Thursday, May 27, 2010

Critics and Clowns

As season 3 of the Boondocks marshes on, there has been a wide range of reaction to the episodes thus far. I personally like what I've seen but can admit that something is off or at least seems to be missing from the previous 2 seasons. I do think at times the show seems to be more action then witty satire but not to a point that I can't enjoy. Others i know have much stronger views and that's cool.

My only question is why don't we apply these same standards a course the broad entertainment wise. We really do seem to pick and choice who can be low brow and ignorant vs who must entertain us with a certain degree of dignity.

I came across a blog expressing this similar view and felt I'd share it with y'all. Take a few mins. to read this and let me know what you think.

Hold Boondocks and similar vehicles to the fire, but while we’re doing that we need to hold all of our mainstream messengers of and to the black community to the fire as well.

Black folk love to talk about what our elite voices are or are not talking about. I personally took Rev. Jesse Jackson and other older leaders in the black community to task (with all due deference and respect) due to what I perceived as being out of touch with what the young black community needs and wants. Hell was raised when Bill Cosby criticized black parenting practices and lower class black folk back in 2004 and again in a book in 2007. We tend to get riled up when our thought leaders and scholars aren’t meeting our standards. But we’re usually disagreeing with the substance of the message, not the intent. We know they have our best interests at heart, even if personal gain and opportunity (Rev. Al Sharpton) may be perceived as more important than societal progress.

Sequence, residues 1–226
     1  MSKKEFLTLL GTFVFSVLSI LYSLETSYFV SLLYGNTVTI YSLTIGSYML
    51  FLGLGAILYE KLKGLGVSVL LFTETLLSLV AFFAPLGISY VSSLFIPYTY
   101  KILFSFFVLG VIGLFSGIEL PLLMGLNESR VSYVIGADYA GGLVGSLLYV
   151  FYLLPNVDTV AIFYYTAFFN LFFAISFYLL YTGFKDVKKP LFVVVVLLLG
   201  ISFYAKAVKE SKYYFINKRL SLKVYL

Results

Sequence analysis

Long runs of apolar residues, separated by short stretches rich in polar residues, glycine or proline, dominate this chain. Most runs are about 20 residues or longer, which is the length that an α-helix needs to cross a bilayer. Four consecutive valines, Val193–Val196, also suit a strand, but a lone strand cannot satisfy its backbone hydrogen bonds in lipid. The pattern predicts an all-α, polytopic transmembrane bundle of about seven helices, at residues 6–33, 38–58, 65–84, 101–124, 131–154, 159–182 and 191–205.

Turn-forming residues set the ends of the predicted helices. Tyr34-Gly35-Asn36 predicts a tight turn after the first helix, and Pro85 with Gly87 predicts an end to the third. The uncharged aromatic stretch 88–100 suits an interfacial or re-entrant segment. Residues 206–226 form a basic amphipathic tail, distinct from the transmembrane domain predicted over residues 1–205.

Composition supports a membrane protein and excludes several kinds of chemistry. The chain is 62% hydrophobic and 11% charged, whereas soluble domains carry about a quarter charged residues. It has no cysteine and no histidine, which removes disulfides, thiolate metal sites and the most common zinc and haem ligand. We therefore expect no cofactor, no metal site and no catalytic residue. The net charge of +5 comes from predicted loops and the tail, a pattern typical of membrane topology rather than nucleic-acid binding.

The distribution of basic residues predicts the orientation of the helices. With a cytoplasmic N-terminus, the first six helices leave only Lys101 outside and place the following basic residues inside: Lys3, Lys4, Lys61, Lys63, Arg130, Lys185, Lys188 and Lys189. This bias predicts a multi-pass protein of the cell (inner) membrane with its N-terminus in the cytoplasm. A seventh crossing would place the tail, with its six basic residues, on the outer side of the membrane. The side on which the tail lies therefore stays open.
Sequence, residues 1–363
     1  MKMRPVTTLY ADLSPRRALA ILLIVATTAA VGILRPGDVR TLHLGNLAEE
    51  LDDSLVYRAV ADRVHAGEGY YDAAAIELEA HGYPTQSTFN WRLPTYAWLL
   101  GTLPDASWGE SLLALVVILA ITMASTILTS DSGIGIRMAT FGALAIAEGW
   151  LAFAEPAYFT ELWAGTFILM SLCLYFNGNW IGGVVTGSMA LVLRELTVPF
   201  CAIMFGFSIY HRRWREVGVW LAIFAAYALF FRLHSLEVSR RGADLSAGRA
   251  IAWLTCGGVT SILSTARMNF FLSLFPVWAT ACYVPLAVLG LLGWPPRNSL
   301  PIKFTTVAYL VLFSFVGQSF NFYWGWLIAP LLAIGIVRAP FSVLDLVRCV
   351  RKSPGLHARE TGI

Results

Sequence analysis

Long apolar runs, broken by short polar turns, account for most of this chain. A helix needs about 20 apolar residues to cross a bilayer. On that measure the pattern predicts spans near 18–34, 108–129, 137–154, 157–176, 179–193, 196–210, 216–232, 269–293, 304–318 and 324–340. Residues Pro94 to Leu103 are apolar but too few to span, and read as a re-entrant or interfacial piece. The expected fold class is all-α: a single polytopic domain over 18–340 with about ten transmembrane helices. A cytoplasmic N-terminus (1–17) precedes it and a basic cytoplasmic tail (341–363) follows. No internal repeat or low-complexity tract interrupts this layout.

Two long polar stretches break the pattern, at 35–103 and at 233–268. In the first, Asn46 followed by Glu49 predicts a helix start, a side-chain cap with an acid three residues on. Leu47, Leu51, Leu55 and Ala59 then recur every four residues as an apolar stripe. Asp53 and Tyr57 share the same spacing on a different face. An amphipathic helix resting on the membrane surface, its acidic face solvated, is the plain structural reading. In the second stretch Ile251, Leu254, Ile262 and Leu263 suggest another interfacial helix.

We should be questioning the intent of other messengers to and of our community as well though. Why don’t we criticize and analyze the actual messages in Hip Hop and R&B songs? Why don’t we argue that substance, and why doesn’t it rile us up? Why don’t we analyze and critique the quality and substance of black television and movie messages more? It seems as if the standard has dropped so low for the messages that are conveyed via our music and reality shows, that we don’t even think to call it to task anymore. Its just what we expect, and it doesn’t even cause debate. The closest we’ve gotten as of late was questioning the substance of Jay-Z’s Blueprint 3 lyrics, but that was mainly because of an intense infatuation with the Illuminati and Jay-Z’s possible connections to that and devil-worshipping. When Frankie and Neffe are given an even more ghetto spinoff of an already ghetto reality show, we don’t even bat an eye. It seems like Flavor Flav and Ray-J have gotten a combined 27 shows from VH1, and that, ladies and gentlemen, is a lot of coonin’, shuckin’, and jiving (not to mention begging, crying, and casual sex).

The Entire Piece can be read here....


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